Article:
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extreme position

image

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Plate 13. Horizontal Pumping Engines. Crystal Palace Pumping Engines
(two failed attempts at scanning same, here combined and cropped)
ex Edward A. Cowper (1819-1893 *, **). "Description of Two Pair of Horizontal Pumping Engines." Proceedings of the Institution of Mechanical Engineers (London, 1858) : 46-62
University of Wisconsin, Madison copy; digitized December 4, 2008

unobstructed view of plate here
illustrating p 52, from which —
The outline of the cam is made of such a shape as to hold the valve stationary in four positions in each revolution, as shown in the diagrams Nos. I., II., III., and IV.; and it will be observed that the valve stands still in these positions half the total time of each revolution. The whole travel of the valve is 6 1/4 inches; it is moved first 2 1/4 inches from its extreme position, from No. I. to No. II. (or No. III. to No. IV.), to cut off the steam at 1/3 of the stroke of the piston, and then remain stationary with the exhaust 1 1/2 inch open until close to the end of the stroke, when the valve is moved the remaining 4 inches of its travel, from No. II. to No. III. (or No. IV. to No. I.), thereby opening the exhaust and opening the opposite port to the steam... ¶ The curves of the cam are arranged so as to move the valve at each portion of its travel with a uniformly accelerated motion during the first half of each movement, and a uniformly retarded motion during the latter half... ¶ This valve motion the author has found to work with complete success; and whilst great economy of steam is obtained, the expense of a separate expansion valve is avoided; but in cases of very quick running engines the cam motion might be objectionable.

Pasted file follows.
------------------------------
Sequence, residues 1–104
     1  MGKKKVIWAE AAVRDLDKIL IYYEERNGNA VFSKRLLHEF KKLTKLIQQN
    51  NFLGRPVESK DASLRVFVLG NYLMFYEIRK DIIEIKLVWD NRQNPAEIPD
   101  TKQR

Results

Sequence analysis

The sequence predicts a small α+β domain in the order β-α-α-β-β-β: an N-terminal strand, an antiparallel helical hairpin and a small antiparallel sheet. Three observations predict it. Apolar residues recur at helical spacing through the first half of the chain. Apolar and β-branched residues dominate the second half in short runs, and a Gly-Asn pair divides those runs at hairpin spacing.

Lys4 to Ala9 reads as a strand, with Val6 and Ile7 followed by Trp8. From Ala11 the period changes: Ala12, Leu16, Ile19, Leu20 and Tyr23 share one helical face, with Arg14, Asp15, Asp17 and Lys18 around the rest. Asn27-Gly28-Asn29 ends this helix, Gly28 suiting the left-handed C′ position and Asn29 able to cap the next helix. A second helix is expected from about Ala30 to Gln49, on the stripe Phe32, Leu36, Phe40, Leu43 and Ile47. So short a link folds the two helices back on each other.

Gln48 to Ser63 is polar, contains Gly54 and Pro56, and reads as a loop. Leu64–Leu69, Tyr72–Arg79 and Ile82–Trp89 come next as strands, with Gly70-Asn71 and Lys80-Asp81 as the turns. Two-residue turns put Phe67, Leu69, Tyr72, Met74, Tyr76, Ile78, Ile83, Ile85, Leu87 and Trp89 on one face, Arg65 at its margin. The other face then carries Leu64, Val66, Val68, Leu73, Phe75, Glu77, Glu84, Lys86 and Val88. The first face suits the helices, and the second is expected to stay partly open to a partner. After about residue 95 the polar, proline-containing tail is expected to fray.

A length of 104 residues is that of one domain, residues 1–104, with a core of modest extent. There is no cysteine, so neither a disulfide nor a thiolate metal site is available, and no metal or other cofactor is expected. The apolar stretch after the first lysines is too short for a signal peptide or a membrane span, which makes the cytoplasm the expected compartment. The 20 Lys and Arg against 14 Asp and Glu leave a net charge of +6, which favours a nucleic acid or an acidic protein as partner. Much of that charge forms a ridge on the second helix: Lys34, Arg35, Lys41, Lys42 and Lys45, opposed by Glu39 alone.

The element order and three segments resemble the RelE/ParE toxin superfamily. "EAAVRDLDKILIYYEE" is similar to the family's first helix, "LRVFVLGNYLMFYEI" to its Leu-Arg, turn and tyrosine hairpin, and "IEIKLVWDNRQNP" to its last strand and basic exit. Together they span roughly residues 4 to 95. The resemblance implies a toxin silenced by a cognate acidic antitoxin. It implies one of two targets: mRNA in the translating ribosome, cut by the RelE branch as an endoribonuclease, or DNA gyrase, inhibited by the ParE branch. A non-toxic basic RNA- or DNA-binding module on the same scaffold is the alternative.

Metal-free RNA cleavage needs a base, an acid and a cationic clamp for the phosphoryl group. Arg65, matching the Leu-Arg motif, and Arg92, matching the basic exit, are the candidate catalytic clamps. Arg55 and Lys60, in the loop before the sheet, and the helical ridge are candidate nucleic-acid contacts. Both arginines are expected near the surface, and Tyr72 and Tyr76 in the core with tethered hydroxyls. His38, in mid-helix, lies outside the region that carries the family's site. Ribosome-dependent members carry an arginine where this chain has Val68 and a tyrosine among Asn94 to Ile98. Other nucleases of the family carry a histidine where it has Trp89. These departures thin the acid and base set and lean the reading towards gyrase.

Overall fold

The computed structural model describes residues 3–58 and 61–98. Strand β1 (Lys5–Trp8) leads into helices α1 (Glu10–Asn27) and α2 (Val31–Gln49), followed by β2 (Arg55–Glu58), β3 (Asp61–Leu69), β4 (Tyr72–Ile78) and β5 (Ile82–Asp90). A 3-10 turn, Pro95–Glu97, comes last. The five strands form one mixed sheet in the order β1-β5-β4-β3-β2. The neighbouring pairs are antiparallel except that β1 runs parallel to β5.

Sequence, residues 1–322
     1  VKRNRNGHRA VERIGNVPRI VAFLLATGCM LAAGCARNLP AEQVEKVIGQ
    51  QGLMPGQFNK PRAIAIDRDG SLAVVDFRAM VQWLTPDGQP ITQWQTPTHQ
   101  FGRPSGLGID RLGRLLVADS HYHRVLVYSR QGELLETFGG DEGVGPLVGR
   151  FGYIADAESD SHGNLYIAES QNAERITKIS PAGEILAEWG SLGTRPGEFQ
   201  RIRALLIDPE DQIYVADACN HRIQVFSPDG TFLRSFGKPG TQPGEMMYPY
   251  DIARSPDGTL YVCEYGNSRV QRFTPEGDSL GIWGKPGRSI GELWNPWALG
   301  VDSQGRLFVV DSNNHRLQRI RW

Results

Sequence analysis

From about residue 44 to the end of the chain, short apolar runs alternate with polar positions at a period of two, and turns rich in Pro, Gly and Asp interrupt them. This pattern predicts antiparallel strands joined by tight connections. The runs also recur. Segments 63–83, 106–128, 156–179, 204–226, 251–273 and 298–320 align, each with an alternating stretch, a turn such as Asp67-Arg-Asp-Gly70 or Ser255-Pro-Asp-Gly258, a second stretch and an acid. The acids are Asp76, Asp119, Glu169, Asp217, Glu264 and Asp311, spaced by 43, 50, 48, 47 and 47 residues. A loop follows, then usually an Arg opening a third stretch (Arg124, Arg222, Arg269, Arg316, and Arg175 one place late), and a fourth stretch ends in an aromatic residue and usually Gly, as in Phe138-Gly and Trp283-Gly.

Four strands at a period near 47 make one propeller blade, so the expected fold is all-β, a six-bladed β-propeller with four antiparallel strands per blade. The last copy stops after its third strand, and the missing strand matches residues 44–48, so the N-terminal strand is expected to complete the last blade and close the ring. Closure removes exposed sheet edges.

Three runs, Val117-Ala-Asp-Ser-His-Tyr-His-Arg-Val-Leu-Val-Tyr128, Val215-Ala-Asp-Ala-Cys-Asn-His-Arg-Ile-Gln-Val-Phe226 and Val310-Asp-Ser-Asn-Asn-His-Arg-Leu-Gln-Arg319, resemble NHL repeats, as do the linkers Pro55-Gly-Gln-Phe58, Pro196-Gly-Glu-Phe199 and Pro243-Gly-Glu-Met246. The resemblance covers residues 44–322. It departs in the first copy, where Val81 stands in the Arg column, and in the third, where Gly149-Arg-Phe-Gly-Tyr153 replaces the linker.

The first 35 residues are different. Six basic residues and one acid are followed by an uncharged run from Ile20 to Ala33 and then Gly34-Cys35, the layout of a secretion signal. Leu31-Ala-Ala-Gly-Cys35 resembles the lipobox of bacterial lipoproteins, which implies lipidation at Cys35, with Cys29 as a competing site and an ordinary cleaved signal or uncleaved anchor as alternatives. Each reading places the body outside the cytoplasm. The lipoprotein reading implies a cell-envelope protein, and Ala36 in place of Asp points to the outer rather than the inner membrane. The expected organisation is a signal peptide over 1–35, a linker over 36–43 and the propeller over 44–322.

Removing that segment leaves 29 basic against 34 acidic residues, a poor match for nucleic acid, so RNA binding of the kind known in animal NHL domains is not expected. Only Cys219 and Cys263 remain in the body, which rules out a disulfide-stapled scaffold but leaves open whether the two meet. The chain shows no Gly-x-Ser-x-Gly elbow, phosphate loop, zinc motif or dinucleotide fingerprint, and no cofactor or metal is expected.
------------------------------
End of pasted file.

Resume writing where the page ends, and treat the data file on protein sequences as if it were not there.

The plate and preceding discussion are a good introduction to the memory/control function of cams.
 

18 January 2014
tags: Edward A. Cowper; cams; engines; fore edge; memory; steam